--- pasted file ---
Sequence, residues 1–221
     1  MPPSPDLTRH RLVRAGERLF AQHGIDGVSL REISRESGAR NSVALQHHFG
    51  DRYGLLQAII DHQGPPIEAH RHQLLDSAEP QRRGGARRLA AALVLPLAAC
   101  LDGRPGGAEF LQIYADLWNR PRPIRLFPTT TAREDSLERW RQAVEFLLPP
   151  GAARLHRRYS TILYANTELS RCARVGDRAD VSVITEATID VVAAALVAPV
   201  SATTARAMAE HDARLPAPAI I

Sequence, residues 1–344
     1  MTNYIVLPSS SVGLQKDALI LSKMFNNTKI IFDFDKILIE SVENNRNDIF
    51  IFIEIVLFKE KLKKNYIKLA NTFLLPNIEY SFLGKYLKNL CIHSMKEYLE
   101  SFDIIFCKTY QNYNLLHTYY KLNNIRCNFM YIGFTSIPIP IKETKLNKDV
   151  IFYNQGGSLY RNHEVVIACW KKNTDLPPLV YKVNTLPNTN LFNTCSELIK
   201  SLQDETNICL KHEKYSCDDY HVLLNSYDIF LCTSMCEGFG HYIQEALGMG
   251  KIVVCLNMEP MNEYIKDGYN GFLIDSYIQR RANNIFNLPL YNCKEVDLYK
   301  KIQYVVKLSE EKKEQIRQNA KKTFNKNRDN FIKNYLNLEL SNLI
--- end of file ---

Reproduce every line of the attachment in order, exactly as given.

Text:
Sequence, residues 1–221
     1  MPPSPDLTRH RLVRAGERLF AQHGIDGVSL REISRESGAR NSVALQHHFG
    51  DRYGLLQAII DHQGPPIEAH RHQLLDSAEP QRRGGARRLA AALVLPLAAC
   101  LDGRPGGAEF LQIYADLWNR PRPIRLFPTT TAREDSLERW RQAVEFLLPP
   151  GAARLHRRYS TILYANTELS RCARVGDRAD VSVITEATID VVAAALVAPV
   201  SATTARAMAE HDARLPAPAI I

Sequence, residues 1–344
     1  MTNYIVLPSS SVGLQKDALI LSKMFNNTKI IFDFDKILIE SVENNRNDIF
    51  IFIEIVLFKE KLKKNYIKLA NTFLLPNIEY SFLGKYLKNL CIHSMKEYLE
   101  SFDIIFCKTY QNYNLLHTYY KLNNIRCNFM YIGFTSIPIP IKETKLNKDV
   151  IFYNQGGSLY RNHEVVIACW KKNTDLPPLV YKVNTLPNTN LFNTCSELIK
   201  SLQDETNICL KHEKYSCDDY HVLLNSYDIF LCTSMCEGFG HYIQEALGMG
   251  KIVVCLNMEP MNEYIKDGYN GFLIDSYIQR RANNIFNLPL YNCKEVDLYK
   301  KIQYVVKLSE EKKEQIRQNA KKTFNKNRDN FIKNYLNLEL SNLI